Shuting Bai, Dezhi Wang, Michael J. Klein, and Gene P. Siegal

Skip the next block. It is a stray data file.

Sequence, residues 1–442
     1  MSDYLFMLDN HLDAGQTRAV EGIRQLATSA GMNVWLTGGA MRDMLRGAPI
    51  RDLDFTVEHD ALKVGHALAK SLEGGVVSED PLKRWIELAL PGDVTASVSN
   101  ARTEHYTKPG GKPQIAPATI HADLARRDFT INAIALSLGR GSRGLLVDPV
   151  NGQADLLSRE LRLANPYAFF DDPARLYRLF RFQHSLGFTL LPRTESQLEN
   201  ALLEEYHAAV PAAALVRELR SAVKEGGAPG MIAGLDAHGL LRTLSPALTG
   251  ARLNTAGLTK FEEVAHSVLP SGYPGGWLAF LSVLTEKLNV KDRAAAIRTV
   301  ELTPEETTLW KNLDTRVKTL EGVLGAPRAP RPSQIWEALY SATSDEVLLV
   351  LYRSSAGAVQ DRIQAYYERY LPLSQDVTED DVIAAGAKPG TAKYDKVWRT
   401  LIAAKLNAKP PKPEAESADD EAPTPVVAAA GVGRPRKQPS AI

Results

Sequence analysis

Alterations in molecular elements derived from the CXC chemokine receptor 4 (CXCR4)/stromal-derived factor 1 (SDF-1) cytokine system have been found to strongly correlate with neoplastic progression leading to metastasis in a number of tumors, including osteosarcoma. Excluding hematologic malignancies, chondrosarcoma of bone is the most common primary malignant tumor of bone in adults in the United States. Like osteosarcoma, chondrosarcoma preferentially metastasizes to lung, bone, and very rarely to regional lymph nodes. However, the role of the signal pathway(s) driving neoplastic progression in chondrosarcoma has not yet been clearly elucidated. To test whether CXCR4 was detectable in chondrosarcoma and whether CXCR4 expression levels correlated with chondrosarcoma grade. Twenty-two chondrosarcoma samples banked at our institution between 2001 and 2006 were retrieved for study. By using invasive ductal carcinoma of the breast and osteosarcoma as the positive controls, immunohistochemistry was performed on paraffin-embedded tissue sections and the intensity of the tumor cells was analyzed by morphometric techniques. All chondrosarcoma cases (22 of 22) were immunoreactive for CXCR4. However, the staining intensity of the CXCR4 between the low- and high-grade groups was significantly different. There was a higher staining intensity in high-grade chondrosarcoma cells (P < .001). CXCR4 is expressed in chondrosarcomas. CXCR4 expression levels were higher in high-grade chondrosarcoma cells than in low-grade specimens. A larger number of cases will be required to confirm these results and expand the observation, but preliminary data would argue for CXCR4 immunohistochemistry as a potential marker for biologic aggressiveness in chondrosarcoma of bone.